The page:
The transformer with 12 - 0 - 12 V secondary is connected to a bridge made up of four FR107 diodes. The positive rail feeds a 2,200uF capacitor. This is connected to the next 2,200uF cap via a 2.2 ohm resistor ( 1 watt). That filters a bit of the psu noise. This is followed by a LM7812 which has a 47uF capacitor at its output. The negative rectified rail is connected to a similar circuit using a LM7912 to give -12 V.


Could it be the problem that I have +11,7V and -12,1 voltages at the power output?
The voltages I have are + 11.8 V and -12.05 V after the LM regulators.

Are you using the same values for all parts as shown in the circuit diagram you posted?
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Old 5th March 2010, 03:27 PM   #59
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Default The listening test !

I finally got to hear the new phones amp with the split supply. It sounds great ! The two main headphones I used were the Sennheiser HD580 and the Philips SHP 8900.
The HD850 sounds less bright than the 8900 but transient drums sound much tighter and powerful on it. The 8900 does go a bit lower than the HD580 and it's just about audible on some tracks. The HD850 sounds dull if you go from the 8900 to the 580. But the HD580 probably sounds smoother in the mid range. The image however is a bit flat. The 8900 sounds spacious !

I compared the single supply amp with the split supply amp. They sound quite similar. Especially with the Sennheiser ( 600 ohms). With the 8900 ( 32 ohms) the low end is slightly lighter but not very easily noticeable on the single supply amp. Transients are just as tight on both amps and I couldn't hear much of a difference in the mid range or HF. No audible hum or hiss on either amp.

The single supply version is safer than the split supply version because you have a ( usually horrendous!) electrolytic capacitor in series with the signal path. However unlike many locations this one is biased at a high 6 Volts dc and so maybe performs better than no bias or low biased elcos.
Main thing is that a crashed amp will not burn up an "expensive" pair of headphones. No series relay in the low current signal path and no dc servo which is frowned upon by many.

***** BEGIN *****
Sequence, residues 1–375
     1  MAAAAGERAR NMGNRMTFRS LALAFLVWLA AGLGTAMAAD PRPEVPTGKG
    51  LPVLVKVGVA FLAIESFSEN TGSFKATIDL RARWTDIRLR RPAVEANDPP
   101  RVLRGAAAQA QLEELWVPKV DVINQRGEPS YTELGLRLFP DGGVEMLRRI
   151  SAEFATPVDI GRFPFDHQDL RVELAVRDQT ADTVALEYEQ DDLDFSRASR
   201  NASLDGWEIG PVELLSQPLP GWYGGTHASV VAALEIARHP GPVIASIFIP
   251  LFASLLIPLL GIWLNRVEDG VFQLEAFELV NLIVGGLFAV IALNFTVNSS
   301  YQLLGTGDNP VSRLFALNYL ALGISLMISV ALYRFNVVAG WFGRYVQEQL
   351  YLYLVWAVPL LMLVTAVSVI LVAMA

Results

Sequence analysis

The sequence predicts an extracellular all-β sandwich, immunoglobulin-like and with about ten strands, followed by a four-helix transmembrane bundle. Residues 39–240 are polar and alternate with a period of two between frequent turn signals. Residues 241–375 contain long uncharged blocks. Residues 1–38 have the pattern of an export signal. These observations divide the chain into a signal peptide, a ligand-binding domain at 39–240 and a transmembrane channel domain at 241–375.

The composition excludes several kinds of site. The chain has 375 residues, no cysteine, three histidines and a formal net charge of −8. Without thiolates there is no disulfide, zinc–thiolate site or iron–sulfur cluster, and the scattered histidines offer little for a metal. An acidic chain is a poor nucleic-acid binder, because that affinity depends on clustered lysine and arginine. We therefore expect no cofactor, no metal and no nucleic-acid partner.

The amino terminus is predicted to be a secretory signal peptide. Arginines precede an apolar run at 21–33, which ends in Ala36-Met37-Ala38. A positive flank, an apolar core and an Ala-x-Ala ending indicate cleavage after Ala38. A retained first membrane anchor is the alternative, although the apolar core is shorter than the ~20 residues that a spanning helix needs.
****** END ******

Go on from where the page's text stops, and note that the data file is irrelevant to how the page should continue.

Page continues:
The split supply comes out ( slightly) ahead just because there is no capacitor in the output and just about noticeable on the 8900's 32 ohms load. DC offset shift drifted by about 1mV either way over a 2 hour period. Switch on from cold produced about 25 mV offset which settled down to about 4mV in about 2 minutes and 1mV in 5 minutes.
I would still prefer to have a shorting relay ( to ground) in case of dc offset error with an opamp to detect a dc offset of more than 5mV or 10 mV(?). That would protect the "expensive" can from going up in smoke in case the power transistors fail ( very unlikely I'd say but then Murphy is always lurking around the corner !)

If anyone wants any clarifications etc I'd be happy to reply.

Apart from that I'm ending this thread. I completed what I was out to find out and hope it helped all those who have been following the progress.

Melorin please contact me via PM .
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Old 5th March 2010, 06:18 PM   #60
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I sat down and listened to several albums after my last post. The amp sounds really very nice. So if given a choice build the split supply one.
Maybe you could add a parallel relay protection if you really plan to use it all the time and with expensive headphones.
On switch on you do get a 0.5 volt surge which lasts a couple of seconds. Switch off also produces a surge. Maybe the phones need protection at that time ? Even if you plug the phones in after a while and remove it before power down, you could forget sometimes !
I'll check the dc surge on my scope later on.
Certainly sounds better than a power boosted opamp circuit using OPA2134 and TO126 type power transistors. I'm really glad that I tried out this amp. It just happened because of the new 'Headphones' section !